The film does not shy away from highlighting the weaknesses of India. The regressive caste system which has proved to be a bane, social conditions in the villages, shortcomings of the developmental goals, apart from other issues which need serious thought and action, are reinforced effectively by the director. The abysmal condition of a small village, named Kodi, which Mohan visits, awakens him to a reality that is both shocking and deeply moving. Mohan’s desire to stay back in Kaveri Amma’s village and work for its betterment is no less nationalist than the desire of a soldier to fight for his motherland. Mohan’s love for his nation may not be written across his face but it is unquestionable. If it wasn’t, he would not have extended his leave from NASA for three weeks and stayed on in a village unknown to him. Mohan finally decides to leave for the US to complete a project but his journey to the US was not to last long as he decides to return to India and live and work for his country forever.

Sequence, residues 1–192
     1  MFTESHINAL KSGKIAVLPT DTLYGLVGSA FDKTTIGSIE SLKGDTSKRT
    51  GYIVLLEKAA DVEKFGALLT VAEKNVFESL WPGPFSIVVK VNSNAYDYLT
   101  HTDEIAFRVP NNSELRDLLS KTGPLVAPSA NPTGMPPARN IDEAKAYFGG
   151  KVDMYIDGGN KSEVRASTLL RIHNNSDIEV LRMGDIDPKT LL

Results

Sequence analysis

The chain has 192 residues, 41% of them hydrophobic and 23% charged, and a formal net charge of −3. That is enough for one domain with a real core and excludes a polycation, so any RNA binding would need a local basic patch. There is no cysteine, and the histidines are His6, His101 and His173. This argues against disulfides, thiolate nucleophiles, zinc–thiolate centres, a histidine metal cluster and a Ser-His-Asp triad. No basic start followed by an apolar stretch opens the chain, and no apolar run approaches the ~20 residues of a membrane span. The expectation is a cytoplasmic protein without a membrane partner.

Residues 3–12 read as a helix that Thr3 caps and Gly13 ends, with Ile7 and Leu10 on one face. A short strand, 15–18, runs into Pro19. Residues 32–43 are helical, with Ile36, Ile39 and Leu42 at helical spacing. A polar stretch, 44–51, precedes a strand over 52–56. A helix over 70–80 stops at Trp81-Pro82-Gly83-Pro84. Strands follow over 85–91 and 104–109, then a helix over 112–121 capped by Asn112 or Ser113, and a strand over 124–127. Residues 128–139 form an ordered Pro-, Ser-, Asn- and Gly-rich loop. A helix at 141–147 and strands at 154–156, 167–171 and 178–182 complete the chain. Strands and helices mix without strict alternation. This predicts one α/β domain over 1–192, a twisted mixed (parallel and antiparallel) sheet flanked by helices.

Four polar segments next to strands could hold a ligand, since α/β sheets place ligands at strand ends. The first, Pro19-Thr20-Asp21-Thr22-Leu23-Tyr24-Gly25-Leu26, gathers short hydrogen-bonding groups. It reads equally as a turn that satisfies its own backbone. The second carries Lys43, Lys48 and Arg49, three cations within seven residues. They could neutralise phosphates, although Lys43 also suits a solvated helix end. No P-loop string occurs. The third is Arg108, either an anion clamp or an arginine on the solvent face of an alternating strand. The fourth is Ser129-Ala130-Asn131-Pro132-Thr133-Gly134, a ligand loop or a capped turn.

Swades represents a nationalism that needs no enemies, no wars; there is no violence to prove one’s superiority over the other. It is a film, which gives nationalism a new meaning. It makes nationalism a self-driven force in which each individual is supposed to feel responsible towards one’s nation. It could be any place of origin and because Mohan is an Indian, in this case it is India. It does not leave an overbearing imprint of nationalism but presents a very muted yet hard-hitting idea of love for one’s nation. Devoid of rhetoric and drama, the film appropriately addresses the idea of national duty and ‘giving back to the nation.’ Mohan was not a soldier, he was not a social worker, neither was he a politician, but he feels as strongly as each one of them and works arduously for the betterment of a village, which was not even his ancestral village. He rises above the distinctions of caste, class, region, and sets up a hydroelectric power generation facility in his Amma’s village. Nationalism, therefore, is brought out of the burdensome theoretical framework. Mohan lives his nationalism, he does not theorize, he does not speak about it. Unlike the vitriolic dialogues of Border, delivered eloquently by Sunny Deol, Swades is a film, which does not have to spew venom to drive its point across.

The true essence of nationalism is in serving the nation, and this service can be in any form. Swades went beyond the standard notions of nationalism, which rely heavily on heroism and rhetoric. It pitched for a new kind of nationalism.

Chandni Sengupta
is Assistant Professor of History at the Amity School of Liberal Arts, Amity University Gurgaon, India. She can be reached at


For more stories, read Café Dissensus Everyday, the blog of Café Dissensus Magazine.